FM: Circus as a tribe?

DS: What I have seen in circuses is the sense of family and community. Everyone invests and it used to be that artists cooked for each other. Each of our roles are interdependent. We are in it together and you’re not giving your hundred percent, you’re making it hard for the other performers that are coming in after you.

FM: How did you get into the circus?

DS: It is easy to fall into the circus if you are doing the trampoline. In Montreal there are a lot of shows and companies that offer to pick you up. After the high-diving, I got in to a snowboard accident, where I dislocated my shoulder. At that point I remember thinking I need to refocus… and that was getting into the Olympics.

FM: The Olympics!

DS: I had total focus. I told myself every day to make everything possible from the moment I wake up to the moment I got to bed, there can be no efforts for any other objective than the trampoline. It was a huge switch. It was actually one of the most happiest moments in my life that I remember. All I was doing was I was waking up and doing visualizations and training. Just living for that one thing. Everything else was completely blocked out. It may seem selfish, but that’s all I was doing. I moved to New Jersey and trained six hours a day. At one point I realized my body couldn’t follow, I couldn’t keep up. To this day I wonder perhaps I broke mentally as well. That is when I really looked at my life realistically. The olympics were coming. Could I find other ways to seek out my goals, hard work and dedication in this circus discipline? So I completely shifted my attention to circus. Eventually are other things came around, I started working with the A Muse for Seven Fingers, Les 7 doigts de la main. That’s when I discovered that there is much more than the technical. It is so much fun to be challenged.

FM: How is creation for Cirque? How are you part of it?

DS: Someone said the creative process can’t be democratic. There will always be a leader. When it comes to companies like Cirque there is so much money at stake. Everything has to be determined before. You can’t be asking everyone what they think. It would be time consuming and cost too much. They can’t allow directors to doubt themselves. That makes the producer look bad. There is not that much room for risk taking, unfortunately.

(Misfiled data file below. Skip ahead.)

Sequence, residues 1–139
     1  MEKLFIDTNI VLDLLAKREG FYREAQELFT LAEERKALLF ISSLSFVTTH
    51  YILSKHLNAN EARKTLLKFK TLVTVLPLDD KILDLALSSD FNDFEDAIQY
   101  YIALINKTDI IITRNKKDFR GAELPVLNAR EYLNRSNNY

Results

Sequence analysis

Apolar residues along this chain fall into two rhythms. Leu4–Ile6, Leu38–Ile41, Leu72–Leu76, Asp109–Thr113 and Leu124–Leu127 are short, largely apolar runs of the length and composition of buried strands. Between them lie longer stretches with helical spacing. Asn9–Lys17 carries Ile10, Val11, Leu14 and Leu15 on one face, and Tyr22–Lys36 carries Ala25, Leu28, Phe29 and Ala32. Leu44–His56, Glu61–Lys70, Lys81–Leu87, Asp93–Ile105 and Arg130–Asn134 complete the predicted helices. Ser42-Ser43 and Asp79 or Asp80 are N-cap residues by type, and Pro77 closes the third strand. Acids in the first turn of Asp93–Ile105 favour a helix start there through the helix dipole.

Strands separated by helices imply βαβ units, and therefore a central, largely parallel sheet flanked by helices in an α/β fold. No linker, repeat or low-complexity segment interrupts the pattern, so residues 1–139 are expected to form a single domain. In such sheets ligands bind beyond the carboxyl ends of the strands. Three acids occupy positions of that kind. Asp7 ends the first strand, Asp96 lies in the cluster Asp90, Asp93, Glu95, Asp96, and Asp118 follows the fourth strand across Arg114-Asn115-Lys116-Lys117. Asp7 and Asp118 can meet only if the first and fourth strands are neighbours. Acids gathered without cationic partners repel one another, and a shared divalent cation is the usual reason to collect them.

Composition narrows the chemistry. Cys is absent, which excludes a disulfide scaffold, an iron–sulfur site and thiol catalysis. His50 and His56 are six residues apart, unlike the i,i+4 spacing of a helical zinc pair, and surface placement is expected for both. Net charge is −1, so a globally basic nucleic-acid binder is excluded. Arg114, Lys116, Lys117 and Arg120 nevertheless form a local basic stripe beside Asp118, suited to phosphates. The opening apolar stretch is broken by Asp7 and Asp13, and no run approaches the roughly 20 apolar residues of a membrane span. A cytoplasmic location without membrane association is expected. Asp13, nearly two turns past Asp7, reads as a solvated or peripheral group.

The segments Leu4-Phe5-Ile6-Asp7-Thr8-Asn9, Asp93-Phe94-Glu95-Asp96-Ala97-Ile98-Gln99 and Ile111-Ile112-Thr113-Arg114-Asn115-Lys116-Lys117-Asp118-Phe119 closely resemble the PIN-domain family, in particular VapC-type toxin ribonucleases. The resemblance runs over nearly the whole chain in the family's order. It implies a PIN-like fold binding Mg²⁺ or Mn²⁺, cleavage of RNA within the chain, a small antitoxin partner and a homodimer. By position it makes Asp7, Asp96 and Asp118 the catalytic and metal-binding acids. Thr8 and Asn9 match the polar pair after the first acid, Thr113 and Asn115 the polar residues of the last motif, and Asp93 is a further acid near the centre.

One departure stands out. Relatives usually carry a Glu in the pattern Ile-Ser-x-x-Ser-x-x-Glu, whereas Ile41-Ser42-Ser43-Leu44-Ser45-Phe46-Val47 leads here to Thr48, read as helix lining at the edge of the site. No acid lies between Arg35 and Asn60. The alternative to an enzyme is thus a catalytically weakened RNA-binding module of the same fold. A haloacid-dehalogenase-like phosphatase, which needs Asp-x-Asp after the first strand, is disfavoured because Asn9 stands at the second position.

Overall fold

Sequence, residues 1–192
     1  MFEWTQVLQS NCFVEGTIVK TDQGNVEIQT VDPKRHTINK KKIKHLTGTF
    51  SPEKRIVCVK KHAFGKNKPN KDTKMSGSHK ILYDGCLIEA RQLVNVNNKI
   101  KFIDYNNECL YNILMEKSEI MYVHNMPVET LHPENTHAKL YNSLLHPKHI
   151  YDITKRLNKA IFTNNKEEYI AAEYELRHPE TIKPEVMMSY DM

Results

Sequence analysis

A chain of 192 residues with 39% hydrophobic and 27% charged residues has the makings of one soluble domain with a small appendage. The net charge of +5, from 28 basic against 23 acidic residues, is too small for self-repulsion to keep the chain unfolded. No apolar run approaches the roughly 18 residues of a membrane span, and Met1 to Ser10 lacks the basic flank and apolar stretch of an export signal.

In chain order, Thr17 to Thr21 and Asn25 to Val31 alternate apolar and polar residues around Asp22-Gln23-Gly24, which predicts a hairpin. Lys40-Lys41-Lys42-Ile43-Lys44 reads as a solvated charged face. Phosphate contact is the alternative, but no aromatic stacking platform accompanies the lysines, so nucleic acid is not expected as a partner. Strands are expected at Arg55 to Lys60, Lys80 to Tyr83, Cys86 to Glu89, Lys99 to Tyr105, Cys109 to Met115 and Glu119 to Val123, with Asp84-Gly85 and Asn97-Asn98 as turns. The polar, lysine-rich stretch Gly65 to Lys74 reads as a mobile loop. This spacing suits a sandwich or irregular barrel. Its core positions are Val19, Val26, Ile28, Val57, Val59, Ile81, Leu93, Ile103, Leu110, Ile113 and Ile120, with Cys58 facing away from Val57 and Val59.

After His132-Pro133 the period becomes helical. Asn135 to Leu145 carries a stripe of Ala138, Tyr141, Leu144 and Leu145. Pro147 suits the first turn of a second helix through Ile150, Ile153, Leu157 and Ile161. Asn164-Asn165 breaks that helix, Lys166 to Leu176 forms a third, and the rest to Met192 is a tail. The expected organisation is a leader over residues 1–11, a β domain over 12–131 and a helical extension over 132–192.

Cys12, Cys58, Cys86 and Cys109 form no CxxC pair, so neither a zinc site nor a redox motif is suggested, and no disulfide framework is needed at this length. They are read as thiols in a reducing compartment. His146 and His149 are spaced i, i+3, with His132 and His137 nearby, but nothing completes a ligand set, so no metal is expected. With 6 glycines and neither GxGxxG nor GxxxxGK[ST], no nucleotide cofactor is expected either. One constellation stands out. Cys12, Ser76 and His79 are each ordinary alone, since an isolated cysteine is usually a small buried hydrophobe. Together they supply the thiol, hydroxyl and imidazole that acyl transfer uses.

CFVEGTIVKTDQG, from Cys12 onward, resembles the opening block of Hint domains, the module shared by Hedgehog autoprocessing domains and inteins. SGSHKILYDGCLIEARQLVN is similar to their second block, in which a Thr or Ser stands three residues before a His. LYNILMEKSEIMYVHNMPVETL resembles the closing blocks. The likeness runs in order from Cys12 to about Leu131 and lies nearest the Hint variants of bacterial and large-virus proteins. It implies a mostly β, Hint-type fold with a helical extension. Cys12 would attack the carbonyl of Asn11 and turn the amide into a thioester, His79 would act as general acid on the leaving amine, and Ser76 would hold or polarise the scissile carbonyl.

FM: How do you decide on what to do next?

DS: It is a bit of a juggling between financial security versus artistic expression. Should I stay in contract or seeking something else? It would be great to make an entire experience, combining the music with the circus, to transcend through my music. I surround myself every day with the tools. Eventually I like to combine more and offering more of a skillset. There is more to it, an entire theatre experience for the viewers, using the maximum of your capacities on stage.

FM: You were a model for a while, how was that experience for you? Is it connected at all?

DS: No not at all to be honest, I was never a huge fan of modeling. I didn’t want to just be a body. I didn’t like that aspect of it. When it feels like I can deliver more. There was no depth to it.

FM: What was your experience for this shoot like?

DS: It was cool. I was feeling in my element, it was fun, because it felt like myself. It was a lot of fun to shoot with you and we used some of my personal stuff, my guitar and we brought my lucky knife. My mom gave it to me, she got into this habit of always bringing me back small pocket knives from different places where she traveled. That one was a rustic gorgeous one she got in France. Like now you are trying to connect to story behind it, that is a different experience, something that I would have enjoyed more.

FM: And now we are are bringing both of those elements into it, you in your element and your story. What do you like about knives?

DS: When I was younger it gave a sense of responsibility, adulthood and power. A symbol that gives a sensation of being able to do things.

FM: How do you connect with your body?

DS: My body is trained in a specific way. So I have a certain repertoire of movements. So you can go within that. You try to get into a zone you body knows and let it happen through your body. Mindfulness and being. Eliminating this idea of ego, where you want to surpass that, just sticking to this is how it is done. The connection to the body, it knows what to do.

FM: So, who are you?

DS: I am all my discoveries. I am who I am right now.

FM: How is life in the jungle?

DS: It’s secluded and it’s peaceful. You take what you got and what you got here is the peacefulness. It is an opportunity to get work done, to learn a language, an instrument, to work on yourself and to focus in.